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Date Created
2016-05

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A Case Study: Speech recognition ability in noise for a U.S. military veteran with traumatic brain injury (TBI)

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The increase of Traumatic Brain Injury (TBI) cases in recent war history has increased the urgency of research regarding how veterans are affected by TBIs. The purpose of this study was to evaluate the effects of TBI on speech recognition

The increase of Traumatic Brain Injury (TBI) cases in recent war history has increased the urgency of research regarding how veterans are affected by TBIs. The purpose of this study was to evaluate the effects of TBI on speech recognition in noise. The AzBio Sentence Test was completed for signal-to-noise ratios (S/N) from -10 dB to +15 dB for a control group of ten participants and one US military veteran with history of service-connected TBI. All participants had normal hearing sensitivity defined as thresholds of 20 dB or better at frequencies from 250-8000 Hz in addition to having tympanograms within normal limits. Comparison of the data collected on the control group versus the veteran suggested that the veteran performed worse than the majority of the control group on the AzBio Sentence Test. Further research with more participants would be beneficial to our understanding of how veterans with TBI perform on speech recognition tests in the presence of background noise.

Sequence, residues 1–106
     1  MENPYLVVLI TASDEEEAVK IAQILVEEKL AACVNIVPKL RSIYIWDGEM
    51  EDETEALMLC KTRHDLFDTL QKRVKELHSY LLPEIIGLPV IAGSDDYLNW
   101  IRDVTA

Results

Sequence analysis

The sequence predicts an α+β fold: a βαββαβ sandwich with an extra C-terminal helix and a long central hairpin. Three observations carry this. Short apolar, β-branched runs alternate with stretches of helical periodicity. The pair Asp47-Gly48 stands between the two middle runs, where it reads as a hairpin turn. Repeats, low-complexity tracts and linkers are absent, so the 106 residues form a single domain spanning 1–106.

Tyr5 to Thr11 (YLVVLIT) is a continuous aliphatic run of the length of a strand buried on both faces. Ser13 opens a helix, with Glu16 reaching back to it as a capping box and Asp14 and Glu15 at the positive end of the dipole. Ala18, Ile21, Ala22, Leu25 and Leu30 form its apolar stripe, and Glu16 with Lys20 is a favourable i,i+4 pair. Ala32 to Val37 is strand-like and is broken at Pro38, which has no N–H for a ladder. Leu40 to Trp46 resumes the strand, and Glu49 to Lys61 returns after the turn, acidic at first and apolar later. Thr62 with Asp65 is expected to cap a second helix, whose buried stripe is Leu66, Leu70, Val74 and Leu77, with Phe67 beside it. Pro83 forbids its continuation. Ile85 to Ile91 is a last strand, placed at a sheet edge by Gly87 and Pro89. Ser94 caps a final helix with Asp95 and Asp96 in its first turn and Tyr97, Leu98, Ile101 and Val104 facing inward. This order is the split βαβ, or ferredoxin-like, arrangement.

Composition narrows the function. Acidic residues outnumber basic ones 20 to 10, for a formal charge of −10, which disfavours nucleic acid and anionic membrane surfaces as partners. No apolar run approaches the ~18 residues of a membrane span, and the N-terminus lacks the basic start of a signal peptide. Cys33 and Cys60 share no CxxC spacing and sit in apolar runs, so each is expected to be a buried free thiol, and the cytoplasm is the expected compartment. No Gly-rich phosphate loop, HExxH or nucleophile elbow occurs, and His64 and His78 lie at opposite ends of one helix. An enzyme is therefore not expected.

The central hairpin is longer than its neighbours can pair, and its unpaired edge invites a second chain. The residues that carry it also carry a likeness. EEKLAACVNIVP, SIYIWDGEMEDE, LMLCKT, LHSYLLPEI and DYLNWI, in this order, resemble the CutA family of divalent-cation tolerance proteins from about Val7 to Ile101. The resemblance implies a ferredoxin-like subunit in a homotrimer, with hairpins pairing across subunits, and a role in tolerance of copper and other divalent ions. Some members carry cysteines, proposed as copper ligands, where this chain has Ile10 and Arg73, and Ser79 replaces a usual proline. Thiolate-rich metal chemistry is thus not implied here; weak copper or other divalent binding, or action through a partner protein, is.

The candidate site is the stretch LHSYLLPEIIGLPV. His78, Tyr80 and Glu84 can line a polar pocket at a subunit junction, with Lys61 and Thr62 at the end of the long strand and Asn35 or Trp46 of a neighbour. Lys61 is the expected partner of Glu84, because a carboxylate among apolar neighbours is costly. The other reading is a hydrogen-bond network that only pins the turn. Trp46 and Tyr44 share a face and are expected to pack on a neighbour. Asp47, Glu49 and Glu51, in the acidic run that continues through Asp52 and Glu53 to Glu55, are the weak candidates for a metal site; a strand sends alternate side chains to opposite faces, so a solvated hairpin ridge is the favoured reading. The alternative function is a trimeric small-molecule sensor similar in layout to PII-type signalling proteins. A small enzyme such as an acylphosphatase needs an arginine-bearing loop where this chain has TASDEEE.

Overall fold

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Date Created
2015-05

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An Examination of Standardized Measures of Vocabulary in Children with Hearing Loss

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The purpose of this study was to explore the effects of word type, phonotactic probability, word frequency, and neighborhood density on the vocabularies of children with mild-to-moderate hearing loss compared to children with normal hearing. This was done by assigning